by Cara Courage, Thinker in Residence
I’ve now been able to see all the spaces that Big Car has. After moving from the Service Center base, Big Car can now be found at Lafayette Square, where it has its Listen Hear and Showroom spaces; at Superior supermarket on the Far East Side, in its Galeria Magnifica space; its administrative base at The Hinge in Fountain Square; and Truck Stop, its storage, meeting and gallery space. I have also seen the potential future space for Big Car, the Tube, a factory in the Garfield Park area that presents Big Car with a truly multifunctional space to house all its various activities under and from.
Big Car’s Jim Walker talks about the vision for these spaces in a video tour of them here and a map of past, current and future Big Car spaces can be found below (an image from the No Brakes Big Car exhibition at UIndy).
Each of the gallery spaces brings with it huge possibility. The spread across the city is a material realisation of Big Car’s ambition to bring art to the people and people to art, literally, across Indy, and between neighbourhoods too. It gives opportunity also for artists to respond variously to each location, to think of the space itself, its setting and the spaces in-between. All the spaces facilitate a variety of uses – from gallery, to meeting space, to rehearsal room, to workshop, to performance space…I saw Showroom operate for the first time as a live venue this week with Hourglass, a participatory dance performance.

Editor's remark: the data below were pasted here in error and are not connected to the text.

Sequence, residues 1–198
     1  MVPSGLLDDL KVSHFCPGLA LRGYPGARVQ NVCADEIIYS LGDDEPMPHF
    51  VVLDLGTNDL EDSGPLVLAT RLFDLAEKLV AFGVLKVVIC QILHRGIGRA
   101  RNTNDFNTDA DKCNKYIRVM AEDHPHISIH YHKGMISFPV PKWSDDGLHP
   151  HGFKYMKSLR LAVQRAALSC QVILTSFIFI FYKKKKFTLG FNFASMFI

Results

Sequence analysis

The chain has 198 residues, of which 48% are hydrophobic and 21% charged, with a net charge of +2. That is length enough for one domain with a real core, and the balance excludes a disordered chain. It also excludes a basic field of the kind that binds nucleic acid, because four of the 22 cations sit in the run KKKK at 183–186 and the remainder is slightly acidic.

The spaces also pose a singular challenge at this time of beginning. This challenge is about finding the community around them, getting to know them and creating a programme that will get them over the threshold of the space and keep them coming back. And get them going to events at other Big Car spaces, crossing the neighbourhood boundary. Activity at Galeria Magnifica will soon centre on just this – getting to know who shops at the store it is housed in, getting to know the local area and starting a programme that will bring people together from within the area and then with others through food and storytelling.
I can see the role that Big Car has played on Fountain Square over its ten years and it’s told to be by nearly everyone that I have interviewed here. I have come to Big Car at a time when as it enters its second decade that it is starting anew in many respects – the offer presented by the new spaces a creative watershed. Knowing Big Car as I am getting to, the challenges it faces will be tackled with creativity and tenacity and over time, from these early days and from its wealth of experience, these challenges will transform into opportunities and into relationships, programmes and events.
I get the sense too that Indy may be in a similar position as Big Car as again I am told that Indy is undergoing something of a cultural renaissance. I can certainly sense that Indy is looking at community afresh, seeing a resurgence in community initiatives city-wide and a local design, arts and culture infrastructure that is self-supporting and generating.
For both Big Car and Indy, its shared concerns with community, the space of the city and the role of the arts in this, these are very interesting – and exciting – times.